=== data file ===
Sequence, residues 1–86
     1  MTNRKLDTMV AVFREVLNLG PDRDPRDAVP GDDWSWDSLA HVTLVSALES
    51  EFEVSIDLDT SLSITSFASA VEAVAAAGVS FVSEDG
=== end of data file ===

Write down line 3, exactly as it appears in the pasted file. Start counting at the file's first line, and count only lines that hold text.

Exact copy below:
    51  EFEVSIDLDT SLSITSFASA VEAVAAAGVS FVSEDG